Selected Reviews of Lee’s Books
“Lee Harmon’s REVELATION: THE WAY IT HAPPENED represents an important contribution to our understanding of the mysterious Book of Revelation and early Christianity. He interprets it against the backdrop of the Jewish War in the late 60’s A.D. that saw the destruction of the Temple and a huge number of Jewish deaths.
John, the author of the book of Revelation, uses Josephus’ monumental account in The Jewish War. Harmon astutely observes that Christians of the time, like the Jewish people, had to reflect on what this “war to end all wars” meant for understanding history and the coming messianic kingdom. The Book of Revelation, Harmon contends, provides just this reflection, noting what has already taken place, what is currently happening and what is likely to transpire in the future. All this Harmon carefully decodes in a well argued historical manner.
The author’s style is clear, lucid and interesting. His dialogue between father and son allows Harmon to explore alternate interpretations for this intriguing text. It is a challenging read — not because of Harmon’s style — but because of the tantalizing symbolism the Book of Revelation itself uses drawing as it does on Jewish apocalyptic imagery derived from the Book of Daniel, Zechariah and especially Ezekiel.
REVELATION: THE WAY IT HAPPENED is a rewarding read and it opens up for us a new understanding of what this canonical text might mean. Finally someone has detected a plausible historical fit and this represents a superb achievement.”
John’s Gospel: The Way It Happened by Lee Harmon provides a thorough discussion of the theological issues in the gospel of John that is well done. Harmon explores all sides of an issue fairly, and presents his conclusions with
humility. But the book goes beyond that with a fictional story about the gospel’s creation, which helps the reader experience John’s gospel as well as better understand the historical context within which the gospel was written. It’s an ambitious task, and a rare achievement. I highly recommend the book to you.
–Dr. Rick Herrick, Ph.D., author of The Case Against Evangelical Christianity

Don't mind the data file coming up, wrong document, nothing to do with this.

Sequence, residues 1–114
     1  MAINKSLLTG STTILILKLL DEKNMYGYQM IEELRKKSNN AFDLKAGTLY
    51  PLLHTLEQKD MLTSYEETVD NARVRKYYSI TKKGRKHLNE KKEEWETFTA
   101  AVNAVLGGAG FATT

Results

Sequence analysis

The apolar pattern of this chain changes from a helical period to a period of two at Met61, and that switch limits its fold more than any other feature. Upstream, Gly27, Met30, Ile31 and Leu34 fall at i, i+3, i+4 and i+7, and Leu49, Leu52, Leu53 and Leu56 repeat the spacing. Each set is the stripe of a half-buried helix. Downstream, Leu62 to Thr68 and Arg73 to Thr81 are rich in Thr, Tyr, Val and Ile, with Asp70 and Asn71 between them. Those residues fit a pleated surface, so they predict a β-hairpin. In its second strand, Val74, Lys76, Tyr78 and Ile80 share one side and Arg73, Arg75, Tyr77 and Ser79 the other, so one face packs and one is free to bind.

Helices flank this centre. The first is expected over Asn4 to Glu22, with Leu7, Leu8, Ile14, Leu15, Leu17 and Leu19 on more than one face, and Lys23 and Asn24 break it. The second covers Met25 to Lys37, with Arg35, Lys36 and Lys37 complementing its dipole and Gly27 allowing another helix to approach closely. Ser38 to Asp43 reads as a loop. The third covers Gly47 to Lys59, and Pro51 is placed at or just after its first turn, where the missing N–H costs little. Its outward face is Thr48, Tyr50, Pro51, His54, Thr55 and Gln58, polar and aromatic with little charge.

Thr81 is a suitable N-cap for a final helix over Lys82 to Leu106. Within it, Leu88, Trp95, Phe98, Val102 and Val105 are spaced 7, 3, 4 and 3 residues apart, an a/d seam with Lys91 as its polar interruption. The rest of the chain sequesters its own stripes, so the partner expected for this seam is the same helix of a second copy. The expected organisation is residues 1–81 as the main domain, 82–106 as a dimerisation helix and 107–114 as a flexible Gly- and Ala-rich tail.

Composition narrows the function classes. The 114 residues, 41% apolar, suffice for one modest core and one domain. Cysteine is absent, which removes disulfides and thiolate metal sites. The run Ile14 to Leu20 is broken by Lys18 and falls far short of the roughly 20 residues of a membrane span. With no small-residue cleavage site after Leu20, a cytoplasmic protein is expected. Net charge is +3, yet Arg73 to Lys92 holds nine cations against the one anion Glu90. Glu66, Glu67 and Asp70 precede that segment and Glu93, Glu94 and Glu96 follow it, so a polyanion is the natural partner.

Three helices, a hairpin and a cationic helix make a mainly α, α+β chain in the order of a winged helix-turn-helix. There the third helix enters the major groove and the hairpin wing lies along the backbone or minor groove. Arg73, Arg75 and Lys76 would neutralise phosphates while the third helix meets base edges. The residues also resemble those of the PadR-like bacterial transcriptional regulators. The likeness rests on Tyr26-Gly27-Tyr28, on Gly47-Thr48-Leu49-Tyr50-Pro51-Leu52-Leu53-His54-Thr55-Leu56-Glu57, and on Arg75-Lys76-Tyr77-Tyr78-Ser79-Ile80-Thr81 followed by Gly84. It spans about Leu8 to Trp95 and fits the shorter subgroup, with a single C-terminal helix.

“If you are a Christian who loves the Bible, wouldn’t you want to know how the words of the New Testament books were heard by the ears of their earliest listeners, for whom they were written? That is the purpose for which Lee Harmon wrote his book Revelation: The Way it Happened. In my opinion Mr. Harmon succeeds in reaching this goal. He is historically accurate and true to his faith.
Revelation: The Way it Happened is history written as a novel, focusing on a First Century Judeo-Christian and his conversations with his son, upon the first publication of the Book of Revelation. The conversational tactic is sometimes didactic, but for the most part quite engaging. Its main strength is that it gives the author freedom to explore the psychology of the first recipients of this intriguing New Testament book, and to examine how they would have reacted to the words of Revelation based upon their immediate historical experience.
If I may fancy myself to have some knowledge of religion amongst First Century Jews and early Christians, then in my judgment every historical supposition of Mr. Harmon is within the realm of genuine possibility according to the best scholarship. Not once in the entire book did I jump out of my seat and shout, “No, that could not be!”, and I was ready to do it. As Mr. Harmon humbly admits, there are many questions about Revelation, its setting and meaning that can never be answered with absolute authority, and sometimes my personal best guess might differ, but Mr. Harmon’s historical work is guided by knowledge and keen insight.
The major point that cannot be denied is that people are most concerned with issues that arise in their own experience. For a Christian of Jewish origins in the late First Century, this means dealing with the Roman destruction of the Jerusalem Temple, the reign of the Emperor Nero, and the eruption of Mt. Vesuvius. An early Christian would interpret the meaning of Jesus’ death on the cross in the light of these events. Mr. Harmon’s great strength is in associating these events with the words of the Book of Revelation. Thus, Revelation is revealed to be neither a book of crazy mystical nonsense nor an uncanny prediction of events in the distant future, but an immediate and touching response to issues of the day for early Christians. Only when one has come to this understanding can one make meaningful interpretations of the Book of Revelation for today.